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To investigate the relationship between iron status in infancy and type of milk and weaning solids consumed.
An observational cohort study.
928 term infants from the Avon Longitudinal Study of Parents and Children in 1993–94.
Haemoglobin and ferritin concentrations at 8 and 12 months were assessed in relation to type and quantity of milk intake at 8 months.
By WHO criteria, 22.7% of the infants were anaemic at 8 months and 18.1% at 12 months. More breast‐ than formula‐fed infants were anaemic at 8 and 12 months. Cows' milk as the main drink was associated with increased anaemia at 12 months and low ferritin at 8 and 12 months. No association was found between any nutrients and haemoglobin concentrations. Protein and non‐haem iron intakes were positively associated with ferritin concentrations and calcium intake negatively. This effect was more marked in infants being fed cows' milk. More than 25% of infants in the breast milk and cows' milk groups and 41% of infants having >6 breast feeds per day had iron intakes below the lower reference nutrient intake. Feeding cows' milk or formula above 600 ml or >6 breast feeds per day was associated with lower intakes of solids.
Both breast and cows' milk feeding were associated with higher levels of anaemia. Satisfactory iron intake from solids in later infancy is more likely if formula intake is <600 ml per day and breast feeds are limited to <6 feeds per day. Cows' milk should be strongly discouraged as a main drink before 12 months.
A WHO review on the length of exclusive breast feeding has recommended an extension to 6 months.1 The adoption of this recommendation by the UK government has highlighted a need for suitable weaning advice to ensure transition to an adequate diet. Previous guidance documents have recommended exclusive breast or formula feeding for the first 4 months of life2 and there is good evidence for adopting such feeding practices.3,4,5,6 Some benefits, in terms of development of atopic disease, have been shown with later introduction of weaning solids (>4 months) in pre‐term infants7 but not in term infants.8 Some have questioned the feasibility of adhering to the 6‐month recommendation9 and highlighted slower rates of growth in those exclusively breast fed for 6 months10 and the fact that a proportion may later fail to thrive.11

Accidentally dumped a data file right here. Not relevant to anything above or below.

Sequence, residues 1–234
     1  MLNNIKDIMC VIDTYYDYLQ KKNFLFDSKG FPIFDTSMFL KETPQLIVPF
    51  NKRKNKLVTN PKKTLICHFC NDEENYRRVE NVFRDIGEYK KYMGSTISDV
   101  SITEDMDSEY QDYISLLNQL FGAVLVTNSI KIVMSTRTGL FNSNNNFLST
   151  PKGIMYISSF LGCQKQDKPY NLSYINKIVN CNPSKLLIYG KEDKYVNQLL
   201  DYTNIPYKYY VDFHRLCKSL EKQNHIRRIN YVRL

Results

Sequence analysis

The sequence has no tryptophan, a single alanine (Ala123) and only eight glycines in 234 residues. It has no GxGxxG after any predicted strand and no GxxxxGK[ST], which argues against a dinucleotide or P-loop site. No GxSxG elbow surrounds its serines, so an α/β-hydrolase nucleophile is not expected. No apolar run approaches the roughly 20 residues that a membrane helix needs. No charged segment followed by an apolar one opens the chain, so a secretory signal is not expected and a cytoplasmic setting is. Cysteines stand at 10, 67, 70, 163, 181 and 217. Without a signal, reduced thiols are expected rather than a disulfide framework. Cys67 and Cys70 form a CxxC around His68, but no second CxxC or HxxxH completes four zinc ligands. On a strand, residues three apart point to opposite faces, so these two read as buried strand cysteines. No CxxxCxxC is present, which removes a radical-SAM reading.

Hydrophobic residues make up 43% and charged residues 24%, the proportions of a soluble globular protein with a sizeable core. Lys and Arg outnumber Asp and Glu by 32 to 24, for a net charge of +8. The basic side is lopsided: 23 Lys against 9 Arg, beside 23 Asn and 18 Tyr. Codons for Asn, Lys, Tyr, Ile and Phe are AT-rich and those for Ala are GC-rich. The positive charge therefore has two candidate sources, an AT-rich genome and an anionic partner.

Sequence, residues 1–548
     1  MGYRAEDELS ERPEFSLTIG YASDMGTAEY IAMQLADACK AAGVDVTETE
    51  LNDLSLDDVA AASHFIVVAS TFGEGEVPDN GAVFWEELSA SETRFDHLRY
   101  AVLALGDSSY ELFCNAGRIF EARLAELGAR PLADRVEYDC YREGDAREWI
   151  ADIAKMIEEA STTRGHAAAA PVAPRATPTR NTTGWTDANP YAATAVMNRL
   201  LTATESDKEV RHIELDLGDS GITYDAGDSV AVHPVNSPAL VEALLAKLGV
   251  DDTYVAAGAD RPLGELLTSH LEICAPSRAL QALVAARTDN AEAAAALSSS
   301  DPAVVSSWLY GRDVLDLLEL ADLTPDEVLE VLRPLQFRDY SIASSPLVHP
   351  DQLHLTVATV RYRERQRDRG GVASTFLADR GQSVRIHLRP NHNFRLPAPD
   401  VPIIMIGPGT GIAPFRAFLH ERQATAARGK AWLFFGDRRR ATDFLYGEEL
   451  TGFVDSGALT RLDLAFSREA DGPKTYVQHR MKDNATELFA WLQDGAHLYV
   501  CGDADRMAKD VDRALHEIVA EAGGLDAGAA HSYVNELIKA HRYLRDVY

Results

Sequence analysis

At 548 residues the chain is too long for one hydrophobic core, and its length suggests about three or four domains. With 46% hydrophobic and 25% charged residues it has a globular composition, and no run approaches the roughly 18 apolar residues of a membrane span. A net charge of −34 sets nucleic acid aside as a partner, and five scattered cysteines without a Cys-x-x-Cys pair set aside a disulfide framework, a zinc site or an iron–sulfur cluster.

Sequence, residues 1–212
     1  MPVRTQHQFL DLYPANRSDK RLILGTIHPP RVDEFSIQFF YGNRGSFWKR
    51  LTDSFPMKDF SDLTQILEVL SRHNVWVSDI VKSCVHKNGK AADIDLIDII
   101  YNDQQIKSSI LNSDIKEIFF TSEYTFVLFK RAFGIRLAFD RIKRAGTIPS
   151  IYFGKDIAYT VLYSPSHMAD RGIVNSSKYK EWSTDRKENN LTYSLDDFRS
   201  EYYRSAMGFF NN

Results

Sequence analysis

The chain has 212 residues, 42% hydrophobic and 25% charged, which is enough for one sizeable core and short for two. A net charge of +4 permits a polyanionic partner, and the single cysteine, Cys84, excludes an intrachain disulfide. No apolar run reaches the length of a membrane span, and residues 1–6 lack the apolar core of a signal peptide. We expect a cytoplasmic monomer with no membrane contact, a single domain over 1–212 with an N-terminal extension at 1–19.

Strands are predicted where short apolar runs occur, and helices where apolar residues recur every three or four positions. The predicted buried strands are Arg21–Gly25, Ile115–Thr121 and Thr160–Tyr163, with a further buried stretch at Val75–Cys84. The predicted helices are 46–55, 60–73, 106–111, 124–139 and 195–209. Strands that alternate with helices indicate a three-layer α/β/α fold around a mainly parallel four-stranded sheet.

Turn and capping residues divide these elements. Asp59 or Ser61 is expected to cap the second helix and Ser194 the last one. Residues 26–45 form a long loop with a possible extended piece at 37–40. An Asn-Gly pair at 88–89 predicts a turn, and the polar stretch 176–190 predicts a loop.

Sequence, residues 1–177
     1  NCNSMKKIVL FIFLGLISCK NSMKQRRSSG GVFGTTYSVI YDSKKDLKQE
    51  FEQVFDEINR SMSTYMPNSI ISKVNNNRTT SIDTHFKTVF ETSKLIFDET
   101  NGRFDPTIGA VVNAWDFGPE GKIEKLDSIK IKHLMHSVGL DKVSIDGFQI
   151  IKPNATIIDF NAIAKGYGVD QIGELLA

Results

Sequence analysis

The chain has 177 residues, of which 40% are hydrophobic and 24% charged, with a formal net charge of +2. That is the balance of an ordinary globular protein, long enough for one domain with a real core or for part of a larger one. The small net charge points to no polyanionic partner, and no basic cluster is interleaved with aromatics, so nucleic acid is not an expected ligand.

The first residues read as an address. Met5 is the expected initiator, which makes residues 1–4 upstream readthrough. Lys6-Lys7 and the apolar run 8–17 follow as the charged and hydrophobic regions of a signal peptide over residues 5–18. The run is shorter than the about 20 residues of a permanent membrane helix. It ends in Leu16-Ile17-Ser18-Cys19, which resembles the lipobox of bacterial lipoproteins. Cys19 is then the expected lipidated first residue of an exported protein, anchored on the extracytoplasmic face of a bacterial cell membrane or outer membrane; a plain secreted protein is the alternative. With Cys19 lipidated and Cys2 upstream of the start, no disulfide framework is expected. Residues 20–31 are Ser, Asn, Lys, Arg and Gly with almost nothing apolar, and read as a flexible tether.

Iron deficiency anaemia is the most common nutrient deficiency in the developed world, particularly among pre‐school children,12 and there is evidence of an association with delayed mental development.13,14 There is some evidence that breastfed infants may be at greater risk if they are exclusively breast fed beyond 6 months.15 A recent review by Griffin and Abrams16 has pointed out that there remain areas of uncertainty regarding the optimal age of introduction of iron‐fortified weaning foods. The development of iron deficiency in infancy has been linked to poor feeding practices, including the use of cows' milk.17,18 The Department of Health recommends that whole cows' milk should not be used as the main milk drink until 1 year of age2 and that 500–600 ml of either breast milk or infant formula should be given each day between the ages of 6 and 12 months.2 Data from the Avon Longitudinal Study of Parents and Children (ALSPAC) have shown that ferritin levels were negatively associated with intake of cows' milk and calcium and positively associated with iron, vitamin C and non‐starch polysaccharide (NSP) intakes at 18 months.19